CDC Adds T1D to COVID-19 High-Risk List

I wonder what took so long. Well, better late than never!

The US Centers for Disease Control and Prevention has added several new medical conditions to its list of those that predispose adults to more severe COVID-19 illness.

Conditions that had previously been categorized as “might be” placing individuals at increased risk — but now are listed as high risk — include type 1 diabetes (in addition to type 2), moderate-to-severe asthma, liver disease, dementia or other neurological conditions, stroke/cerebrovascular disease, HIV infection, cystic fibrosis, and overweight (in addition to obesity).


Its because we were a ‘rare condition.’ There were not enough of us to get a large enough data sample. Although, we could read thru the lines and this started to get reported right away, the statistics for the FDA were a little hard to come by.


It is indeed a bit late. My state has been lowering the eligibility age until I finally qualified that way. Meanwhile single high risk conditions still do not qualify, and won’t until two weeks before they open the floodgates and make everyone over the age of 16 eligible. I’m glad they finally included T1 in the list, but it will have little impact on when diabetics in my state will be vaccinated.

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If this is true, and I think it’s likely, then the committee of human beings chose to rely exclusively on a statistical measure and avoid making a value judgment. The committee that was tasked with this job perhaps chose not to gain more information about the nature of T1D since that level of analysis might bog them down and prevent them from getting a big job done expeditiously.

My real hope here is that these decisions will be reviewed, not with an interest in assigning blame, but in learning how it could have been done better. Publishing the findings of such a thoughtful review can help us next time. Unfortunately, there will be a next time.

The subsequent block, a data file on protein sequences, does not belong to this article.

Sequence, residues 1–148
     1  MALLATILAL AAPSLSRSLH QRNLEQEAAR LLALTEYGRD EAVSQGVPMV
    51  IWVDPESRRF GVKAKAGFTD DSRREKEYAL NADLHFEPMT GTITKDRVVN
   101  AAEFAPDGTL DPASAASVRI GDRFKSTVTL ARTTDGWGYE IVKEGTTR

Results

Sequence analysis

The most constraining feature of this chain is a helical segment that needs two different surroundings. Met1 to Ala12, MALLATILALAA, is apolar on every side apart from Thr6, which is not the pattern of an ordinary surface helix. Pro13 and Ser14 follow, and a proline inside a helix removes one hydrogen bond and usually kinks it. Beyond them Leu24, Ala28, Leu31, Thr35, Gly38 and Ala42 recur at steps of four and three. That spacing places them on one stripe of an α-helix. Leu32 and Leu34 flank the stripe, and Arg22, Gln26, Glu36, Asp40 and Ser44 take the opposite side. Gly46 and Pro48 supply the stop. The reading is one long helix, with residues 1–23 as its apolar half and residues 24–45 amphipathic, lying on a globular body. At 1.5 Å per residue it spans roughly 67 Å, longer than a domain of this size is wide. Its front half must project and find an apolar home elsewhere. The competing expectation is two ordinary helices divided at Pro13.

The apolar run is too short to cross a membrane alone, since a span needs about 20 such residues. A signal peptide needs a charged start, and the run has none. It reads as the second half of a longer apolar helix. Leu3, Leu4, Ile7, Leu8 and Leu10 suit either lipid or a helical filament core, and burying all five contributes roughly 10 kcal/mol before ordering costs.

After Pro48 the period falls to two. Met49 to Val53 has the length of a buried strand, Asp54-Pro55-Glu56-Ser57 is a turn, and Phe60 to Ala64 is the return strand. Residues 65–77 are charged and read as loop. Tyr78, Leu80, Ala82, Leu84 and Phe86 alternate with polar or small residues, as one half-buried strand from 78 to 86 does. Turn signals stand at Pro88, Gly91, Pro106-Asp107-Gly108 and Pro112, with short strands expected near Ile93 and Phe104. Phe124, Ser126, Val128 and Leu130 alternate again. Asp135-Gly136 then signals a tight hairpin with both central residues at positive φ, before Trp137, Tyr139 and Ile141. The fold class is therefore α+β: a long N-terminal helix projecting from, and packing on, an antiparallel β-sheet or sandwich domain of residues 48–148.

We must also accept that there are only about 1.5 million T1Ds in the US population of about 335 million. Our personal stake in this does bias our perspective.

The saving grace here is that an accelerating vaccine supply will soon overtake demand. This administrative decision did impact some T1Ds but that impact was likely limited to a delay of weeks, not months.

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I’m so confused, Terry, about where we are at and how the rules are different. I’ve been looking at what @Marie20 has been writing and I don’t feel like I’m up to date on my covid planning. It helped me to listen to the MN briefing today. But, I still don’t have a plan. I need to spend some time thinking about it all.

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Is it your covid vaccination timeline you’re trying to plan?

Like, I’m not sure how I ought to behave. If I get sick, what is the action plan? What is the action plan if someone in my family (who is not vaccinated) gets sick? Can I be around that person and provide care? I feel uncertain about what the risks are and how to mitigate risks. I feel like the landscape is unclear and getting more complicated. The plan was simple before - stay home. I guess that’s where I’m at.

I feel uncertain about what the risks are and thus how to mitigate and how to not ‘take on too many commitments’ in the face of unknown risk. I feel very confused.